A Treatise Upon the Law of Eminent Domain

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F. H. Thomas, 1879 - Eminent domain - 404 pages

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Page 10 - Property does become clothed with a public interest when used in a manner to make it of public consequence, and affect the community at large. When, therefore, one devotes his property to use in which the public has an interest, he, in effect, grants to the public an interest in that use, and must submit to be controlled by the public for the common good, to the extent of the interest he has thus created.
Page 10 - When, therefore, one devotes his property to a use in which the public has an interest, he in effect grants to the public an interest in that use, and must submit to be controlled by the public for the common good to the extent of the interest he has thus created. He may withdraw his grant by discontinuing the use, but so long as he maintains the use, he must submit to the control.
Page 179 - The legislature shall not invest any corporate body or individual with the privilege of taking private property for public use, without requiring such corporation or individual to make compensation to the owners of said property, or give adequate security therefor, before such property shall be taken.
Page 121 - ... be paid or secured before such taking, injury, or destruction. The General Assembly is hereby prohibited from depriving any person of an appeal from any preliminary assessment of damages against any such corporations or individuals made by viewers or otherwise; and the amount of such damages in all cases of appeal shall, on the demand of either party, be determined by a jury, according to the course of the common law.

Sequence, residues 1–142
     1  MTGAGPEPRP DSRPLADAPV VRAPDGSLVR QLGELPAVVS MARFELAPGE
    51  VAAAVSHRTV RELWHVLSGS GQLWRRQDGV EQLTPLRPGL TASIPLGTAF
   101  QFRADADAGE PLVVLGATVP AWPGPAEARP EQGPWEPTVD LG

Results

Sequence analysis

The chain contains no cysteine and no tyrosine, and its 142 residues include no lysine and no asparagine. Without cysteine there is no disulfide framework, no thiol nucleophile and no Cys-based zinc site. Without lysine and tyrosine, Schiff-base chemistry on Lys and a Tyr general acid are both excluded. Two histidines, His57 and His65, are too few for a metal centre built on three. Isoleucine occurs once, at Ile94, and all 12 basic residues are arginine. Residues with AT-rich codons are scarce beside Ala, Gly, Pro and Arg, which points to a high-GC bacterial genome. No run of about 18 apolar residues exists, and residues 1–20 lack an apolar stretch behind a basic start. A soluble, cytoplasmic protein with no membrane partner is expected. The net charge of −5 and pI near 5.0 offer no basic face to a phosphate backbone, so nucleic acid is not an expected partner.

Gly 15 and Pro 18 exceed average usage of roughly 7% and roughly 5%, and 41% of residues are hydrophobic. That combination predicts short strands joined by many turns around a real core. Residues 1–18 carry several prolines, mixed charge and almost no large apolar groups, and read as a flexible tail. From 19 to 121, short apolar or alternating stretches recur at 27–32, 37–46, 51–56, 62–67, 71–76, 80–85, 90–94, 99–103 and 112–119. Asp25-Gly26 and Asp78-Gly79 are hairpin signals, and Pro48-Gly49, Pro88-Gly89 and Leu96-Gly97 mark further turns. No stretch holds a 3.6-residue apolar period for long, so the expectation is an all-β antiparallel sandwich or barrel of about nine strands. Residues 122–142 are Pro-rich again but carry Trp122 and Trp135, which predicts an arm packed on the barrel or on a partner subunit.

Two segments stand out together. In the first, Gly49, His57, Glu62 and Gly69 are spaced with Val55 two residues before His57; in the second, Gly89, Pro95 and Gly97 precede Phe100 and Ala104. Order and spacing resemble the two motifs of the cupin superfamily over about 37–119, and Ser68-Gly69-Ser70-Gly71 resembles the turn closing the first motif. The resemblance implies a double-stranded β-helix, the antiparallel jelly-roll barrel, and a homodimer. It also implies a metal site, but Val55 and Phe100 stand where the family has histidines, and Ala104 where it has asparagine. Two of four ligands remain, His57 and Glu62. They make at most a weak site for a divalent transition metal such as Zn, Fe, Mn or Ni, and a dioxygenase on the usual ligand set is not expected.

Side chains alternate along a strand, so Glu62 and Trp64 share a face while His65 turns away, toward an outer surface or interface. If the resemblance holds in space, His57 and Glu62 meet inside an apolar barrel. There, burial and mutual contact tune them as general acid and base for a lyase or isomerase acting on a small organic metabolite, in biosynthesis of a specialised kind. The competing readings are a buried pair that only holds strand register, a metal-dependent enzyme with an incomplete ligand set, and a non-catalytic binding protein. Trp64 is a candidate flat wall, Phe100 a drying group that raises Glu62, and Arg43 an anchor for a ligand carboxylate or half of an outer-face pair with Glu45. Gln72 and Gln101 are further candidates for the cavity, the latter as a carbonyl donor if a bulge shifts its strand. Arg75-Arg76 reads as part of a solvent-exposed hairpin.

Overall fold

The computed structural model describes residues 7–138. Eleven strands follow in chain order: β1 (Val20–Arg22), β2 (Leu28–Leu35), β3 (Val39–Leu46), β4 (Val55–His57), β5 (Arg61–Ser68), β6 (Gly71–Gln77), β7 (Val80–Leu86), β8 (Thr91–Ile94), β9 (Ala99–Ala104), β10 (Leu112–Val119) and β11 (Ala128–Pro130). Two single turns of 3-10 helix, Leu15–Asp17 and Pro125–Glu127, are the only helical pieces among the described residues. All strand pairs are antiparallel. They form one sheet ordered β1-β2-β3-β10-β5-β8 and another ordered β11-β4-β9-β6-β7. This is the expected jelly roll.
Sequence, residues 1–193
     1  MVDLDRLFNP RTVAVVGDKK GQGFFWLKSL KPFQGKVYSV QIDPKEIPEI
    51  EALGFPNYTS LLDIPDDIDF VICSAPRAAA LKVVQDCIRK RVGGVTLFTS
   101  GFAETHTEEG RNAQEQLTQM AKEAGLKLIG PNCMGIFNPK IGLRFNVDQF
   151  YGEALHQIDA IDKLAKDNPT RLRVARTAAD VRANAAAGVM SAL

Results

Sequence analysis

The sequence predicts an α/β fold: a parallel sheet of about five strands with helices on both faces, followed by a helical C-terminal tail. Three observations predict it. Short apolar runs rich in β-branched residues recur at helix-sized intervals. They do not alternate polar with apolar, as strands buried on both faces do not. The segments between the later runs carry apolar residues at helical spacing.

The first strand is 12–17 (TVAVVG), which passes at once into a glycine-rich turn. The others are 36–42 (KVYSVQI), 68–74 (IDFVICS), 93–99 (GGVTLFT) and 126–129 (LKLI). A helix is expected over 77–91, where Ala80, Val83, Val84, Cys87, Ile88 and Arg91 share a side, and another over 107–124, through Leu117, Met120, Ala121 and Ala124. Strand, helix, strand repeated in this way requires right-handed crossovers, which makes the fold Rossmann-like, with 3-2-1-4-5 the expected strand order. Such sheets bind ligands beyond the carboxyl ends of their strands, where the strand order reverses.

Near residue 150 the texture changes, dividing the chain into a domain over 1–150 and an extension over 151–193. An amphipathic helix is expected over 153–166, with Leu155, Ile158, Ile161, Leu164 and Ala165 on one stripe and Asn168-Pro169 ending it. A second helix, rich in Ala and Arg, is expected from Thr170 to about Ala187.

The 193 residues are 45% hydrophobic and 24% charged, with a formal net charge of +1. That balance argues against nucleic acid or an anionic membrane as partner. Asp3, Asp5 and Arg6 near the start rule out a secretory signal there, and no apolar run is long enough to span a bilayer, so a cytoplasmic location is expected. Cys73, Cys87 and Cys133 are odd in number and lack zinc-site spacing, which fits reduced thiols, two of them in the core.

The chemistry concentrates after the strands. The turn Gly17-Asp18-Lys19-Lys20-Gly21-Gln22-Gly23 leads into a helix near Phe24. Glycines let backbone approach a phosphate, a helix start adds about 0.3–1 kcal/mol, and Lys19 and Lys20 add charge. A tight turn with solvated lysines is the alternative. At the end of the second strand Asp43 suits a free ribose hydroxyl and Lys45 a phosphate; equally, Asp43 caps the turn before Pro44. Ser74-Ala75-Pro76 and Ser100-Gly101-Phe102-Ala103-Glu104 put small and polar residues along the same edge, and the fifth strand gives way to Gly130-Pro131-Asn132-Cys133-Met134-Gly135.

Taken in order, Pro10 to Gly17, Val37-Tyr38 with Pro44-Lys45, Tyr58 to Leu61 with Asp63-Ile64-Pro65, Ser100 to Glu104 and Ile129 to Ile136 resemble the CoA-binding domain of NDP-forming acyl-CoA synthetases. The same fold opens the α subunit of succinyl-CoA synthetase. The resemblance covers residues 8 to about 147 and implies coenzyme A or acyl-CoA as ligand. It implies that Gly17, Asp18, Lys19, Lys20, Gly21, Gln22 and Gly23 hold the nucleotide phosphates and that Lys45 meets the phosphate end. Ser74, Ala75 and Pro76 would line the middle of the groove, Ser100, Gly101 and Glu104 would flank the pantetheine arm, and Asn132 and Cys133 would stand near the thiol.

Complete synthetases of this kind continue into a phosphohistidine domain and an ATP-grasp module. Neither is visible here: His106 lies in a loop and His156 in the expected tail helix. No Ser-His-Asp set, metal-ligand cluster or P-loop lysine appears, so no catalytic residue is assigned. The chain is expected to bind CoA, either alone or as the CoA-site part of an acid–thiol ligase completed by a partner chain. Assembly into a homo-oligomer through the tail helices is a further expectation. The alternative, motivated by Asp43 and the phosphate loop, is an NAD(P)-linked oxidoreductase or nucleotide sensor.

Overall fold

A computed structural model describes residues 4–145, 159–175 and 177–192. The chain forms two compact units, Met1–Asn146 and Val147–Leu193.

Page 33 - ... if the government refrains from the absolute conversion of real property to the uses of the public it can destroy its value entirely, can inflict irreparable and permanent injury to any extent, can, in effect, subject it to total destruction without making any compensation, because, in the narrowest sense of that word, it is not taken for the public use.
Page 32 - where a man having a close surrounded with his own land grants the close to another, the grantee shall have a way to the close over the grantor's land, as incident to the grant; for without it he cannot derive any benefit from the grant.
Page 13 - ... whenever an attempt is made to take private property for a use alleged to be public, the question whether the contemplated use be really public shall be a judicial question, and as such, judicially determined, without regard to any legislative assertion that the use is public.
Page 10 - From this it is apparent that, down to the time of the adoption of the fourteenth amendment, it was not supposed that statutes regulating the use, or even the price of the use, of private property, necessarily deprived an owner of his property without due process of law. Under some circumstances they may, but not under all. The amendment does not change the law in this particular: it simply prevents the states from doing that which will operate as such a deprivation.
Page 356 - ... shall, in case of difference, be settled by one of the Masters of the Court of Queen's Bench of England or Ireland, according as the lands are situate, on the application of either party, and such costs shall include all reasonable costs, charges, and expenses incurred in summoning, impannelling, and returning the jury, taking the inquiry, the attendance of witnesses, the employment of counsel and attorneys, recording the verdict and judgment thereon, and otherwise incident to such inquiry.
Page 7 - But he is restrained; not because the public have occasion to make the like use, or to make any use of the property, or to take any benefit or profit to themselves from it; but because it would be a noxious use, contrary to the maxim, "Sic utere tuo, ut alienum non laedas.

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